The Iowa and Vermont supreme courts both voted to cut down bills for state laws that would have banned gay marriages last Wednesday and Tuesday, respectively. This makes Iowa and Vermont the third and fourth states to allow same-sex marriage, following Massachusetts and Connecticut. Opponents in Iowa have already begun lobbying the legislature for an Iowa Marriage Amendment that would define marriage as between a man and a woman. A young girl from a household with two mothers proclaimed, “I’m really, really happy. I feel that my family has always had this right, and today it is true. No longer shall we be just people who aren’t allowed to be married. We are able to get married.” Five children were found murdered in their home near Tacoma, Wash. Saturday afternoon. The four girls and one boy ranged from ages 7 to 16. The girls were found shot in their beds; the boy was found in the bathroom. The children were killed by their father after he was informed that his wife was leaving him for another man. He was found dead several miles away in his still-running car, the result of a gunshot to the head.
Compiled by Aidan Bauernschmidt from cnn.com
April 8, 2009
North Korea defies UN, launches missile Julia N. Hadinger Staff Writer
it as a symbol of the country’s growing technological capabilities, and the possibility of nuclear missile technology. The United States Northern Command issued a statement
response to the launch. The U.S. believes that North Korea did this to prove to other countries that they are powerful are capable of inflicting damage. President Barack Obama stated
spect will never come through threats and illegal weapons,” Obama said. hile we have been in a Although there has been war for many years now, much international discusmany of our citizens do not feel sion regarding response to threatened. That feeling of North Korea’s actions, the security changed as North path which will be taken Korea decided to set up remains unclear. Many and then launch a miscountries are worried sile this past week. North about what may happen Korea referred to the projbetween the United States ect as a rocket carrying and North Korea. Naa communications sateltions are also concerned lite. However, Washington about what other weapons calls it an intercontinental North Korea may have in ballistic missile. their arsenal. CNN reported Thurs“If you had told me that day that North Korea this was going to happen a had begun to fuel the few years ago, I would not rocket, a sign that they have believed it to be true,” planned to launch very sophomore Lauren Selleck soon. The United States said. “Now that I actually Image: dailymail.co.uk thought that North Kosaw proof of a country, no rea would refrain from North Korean citizens watch a telecast of the rocket launch Sunday. Its launch matter if it’s North Korea, launching it because the defied warnings from the United States and the United Nations. shooting a missile, I’m now nation was preoccupied kind of worried.” with the two American journal- saying that, according to their that this move made by North While there have always been ists detained on charges of “per- assessment, the rocket flew over Korea “threatened the security countries threatening other napetrating hostile acts against the Japan, with its only payload land- of nations near and far.” tions for one reason or another, country”. The U.S. was wrong in ing into the Pacific Ocean. NothIn a recent speech, Obama many people did not take conits assumption. ing was put into orbit, and nothing said that he is going to push cerns then as seriously as they Sunday, North Korea defied fell on Japan. However, North the Security Council to take do today. international expectations and Korea claims to have successfully strong action. Because North Korea has launched their rocket. While launched the rocket launched and “Now is the time for a strong demonstrated their weapons North Korea claimed they were planted a satellite in orbit. The international response, and capabilities, the international only putting a satellite into United Nations Security Council North Korea must know that community is now in a state of space, the rest of the world saw called an emergency meeting in the path to security and re- increased fear and suspense.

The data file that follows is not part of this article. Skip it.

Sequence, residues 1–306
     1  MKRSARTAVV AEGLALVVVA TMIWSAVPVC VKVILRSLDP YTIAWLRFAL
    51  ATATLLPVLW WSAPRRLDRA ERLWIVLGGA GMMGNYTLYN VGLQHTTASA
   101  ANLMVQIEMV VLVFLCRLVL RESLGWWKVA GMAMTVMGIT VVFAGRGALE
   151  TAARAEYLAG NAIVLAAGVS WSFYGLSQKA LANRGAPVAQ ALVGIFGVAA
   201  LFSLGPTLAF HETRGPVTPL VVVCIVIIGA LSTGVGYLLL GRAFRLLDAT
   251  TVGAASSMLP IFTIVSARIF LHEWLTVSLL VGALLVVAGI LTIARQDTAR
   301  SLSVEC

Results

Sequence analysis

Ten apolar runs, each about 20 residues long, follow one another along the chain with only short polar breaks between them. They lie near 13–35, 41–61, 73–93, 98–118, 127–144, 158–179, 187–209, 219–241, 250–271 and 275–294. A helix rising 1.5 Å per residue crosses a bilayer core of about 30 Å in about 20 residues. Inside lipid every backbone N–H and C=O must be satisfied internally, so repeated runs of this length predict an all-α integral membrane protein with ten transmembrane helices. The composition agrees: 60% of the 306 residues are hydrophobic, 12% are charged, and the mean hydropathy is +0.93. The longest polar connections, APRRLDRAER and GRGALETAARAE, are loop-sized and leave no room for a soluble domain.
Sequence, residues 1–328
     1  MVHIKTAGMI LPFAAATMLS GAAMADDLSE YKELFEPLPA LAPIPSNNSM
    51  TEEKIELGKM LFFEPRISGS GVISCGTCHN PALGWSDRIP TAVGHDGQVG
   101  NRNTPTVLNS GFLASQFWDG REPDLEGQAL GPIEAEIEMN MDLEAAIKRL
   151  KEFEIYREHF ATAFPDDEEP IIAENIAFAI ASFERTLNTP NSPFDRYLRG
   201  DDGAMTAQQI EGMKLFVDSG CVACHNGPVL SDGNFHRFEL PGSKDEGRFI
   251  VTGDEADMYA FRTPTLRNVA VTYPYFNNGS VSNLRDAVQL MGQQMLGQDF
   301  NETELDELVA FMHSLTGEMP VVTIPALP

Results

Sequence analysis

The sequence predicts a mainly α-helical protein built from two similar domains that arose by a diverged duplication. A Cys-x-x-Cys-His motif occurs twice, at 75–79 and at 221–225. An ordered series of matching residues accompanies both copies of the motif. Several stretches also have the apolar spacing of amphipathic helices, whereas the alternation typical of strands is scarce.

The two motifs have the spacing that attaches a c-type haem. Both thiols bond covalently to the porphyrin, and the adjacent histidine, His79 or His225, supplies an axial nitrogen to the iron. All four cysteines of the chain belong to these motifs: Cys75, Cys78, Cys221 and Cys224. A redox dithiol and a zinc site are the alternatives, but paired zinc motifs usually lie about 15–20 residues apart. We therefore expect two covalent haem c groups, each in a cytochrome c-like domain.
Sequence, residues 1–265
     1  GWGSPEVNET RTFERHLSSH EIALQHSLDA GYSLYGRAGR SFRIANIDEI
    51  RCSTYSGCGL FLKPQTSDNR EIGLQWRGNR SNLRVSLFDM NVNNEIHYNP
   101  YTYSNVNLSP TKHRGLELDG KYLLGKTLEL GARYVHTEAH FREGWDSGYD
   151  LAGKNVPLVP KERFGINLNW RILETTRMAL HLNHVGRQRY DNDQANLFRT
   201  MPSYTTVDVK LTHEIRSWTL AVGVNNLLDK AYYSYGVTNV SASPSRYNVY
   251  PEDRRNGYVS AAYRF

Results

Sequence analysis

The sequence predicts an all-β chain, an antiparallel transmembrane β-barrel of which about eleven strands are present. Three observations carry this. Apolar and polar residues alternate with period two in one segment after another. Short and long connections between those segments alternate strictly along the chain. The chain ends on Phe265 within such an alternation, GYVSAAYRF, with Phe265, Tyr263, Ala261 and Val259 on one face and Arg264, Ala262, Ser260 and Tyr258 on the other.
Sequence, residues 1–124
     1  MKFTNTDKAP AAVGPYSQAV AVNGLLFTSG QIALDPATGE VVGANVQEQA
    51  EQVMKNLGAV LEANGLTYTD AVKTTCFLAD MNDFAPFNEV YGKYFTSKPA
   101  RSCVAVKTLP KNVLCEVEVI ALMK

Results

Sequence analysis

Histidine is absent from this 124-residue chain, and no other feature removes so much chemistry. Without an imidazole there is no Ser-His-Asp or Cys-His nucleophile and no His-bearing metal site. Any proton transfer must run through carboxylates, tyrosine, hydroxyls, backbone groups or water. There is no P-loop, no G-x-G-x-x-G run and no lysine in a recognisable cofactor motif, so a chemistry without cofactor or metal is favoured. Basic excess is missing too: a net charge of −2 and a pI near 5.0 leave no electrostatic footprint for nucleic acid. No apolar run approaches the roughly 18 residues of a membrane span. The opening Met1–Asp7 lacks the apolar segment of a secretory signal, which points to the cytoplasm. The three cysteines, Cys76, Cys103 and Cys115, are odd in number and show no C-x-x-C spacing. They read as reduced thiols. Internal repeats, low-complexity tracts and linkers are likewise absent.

in the world
Earthquakes strike Italy; damages severe Aidan E. Bauernschmidt News Editor
the historic buildings of the city. “If you look along the way, there are many palazzi that are cracked, and walls have fallen onto some of them,” Brothers said. “Most of the magnitude 6.3 earthquake ripped buildings in the city center are more than through central Italy Monday morning, 100 years old, and so they have walls that killing more than 100 people. More than are a lot weaker than other palazzi that are 1500 were reported injured. made of reinforced concrete. So there were The Italian Civil Protection Agency a lot more damages actually estimated a death toll in inside the city.” excess of 100, but other President Obama, speakmedia reported even highing Monday in Turkey, sent er numbers. condolences to those afItaly’s prime minister, fected. “We hope we are able Silvio Berlusconi, declared to get rescue teams in and the country in a state of minimize the damage as emergency and postponed much as possible,” he said. a trip to Russia. Pope Benedict XVI also L’Aquila, a historic coloffered his sympathy. He lege city about 60 miles was praying for the victims, north of Rome, experithe Vatican said in a stateenced jolts around 3:30 ment Monday; “especially a.m. Frightened residents the children.” rushed out into the streets The area also experias historic building topenced three significant afpled. Many of the structershocks within six hours tures dated back to the 13th century. Image: newyorktimes.com of the quake, ranging from The quake only lasted A 6.3 magnitude earthquake tore through central Italy Monday morning, magnitude 4.3 to 4.8. Italy is located near two about 30 seconds, but rubble killing over 100 people.The college city of L’Aquila was hit especially hard. major fault lines, making quickly filled the streets, apology for what he says was a failure to act it more prone to earthquakes than most blocking rescue efforts and burying cars. Rescuers dug through the rubble with on his predictions of a quake like this last other European countries. A 6.5 magnimonth. Giacchino Giuliania said authorities tude quake in 1980 killed nearly 3,000 their bare hands, searching for survivors. people in southern Italy. Other earthIn L’Aquila, tens of thousands of people dismissed him as a “scaremonger.” Joshua Brothers, an American mission- quakes in 1908, 1915 and 1930 killed tens have been removed from their homes, many of them taken to the city’s main stadium. A ary in L’Aquila, described the damages to of thousands of people.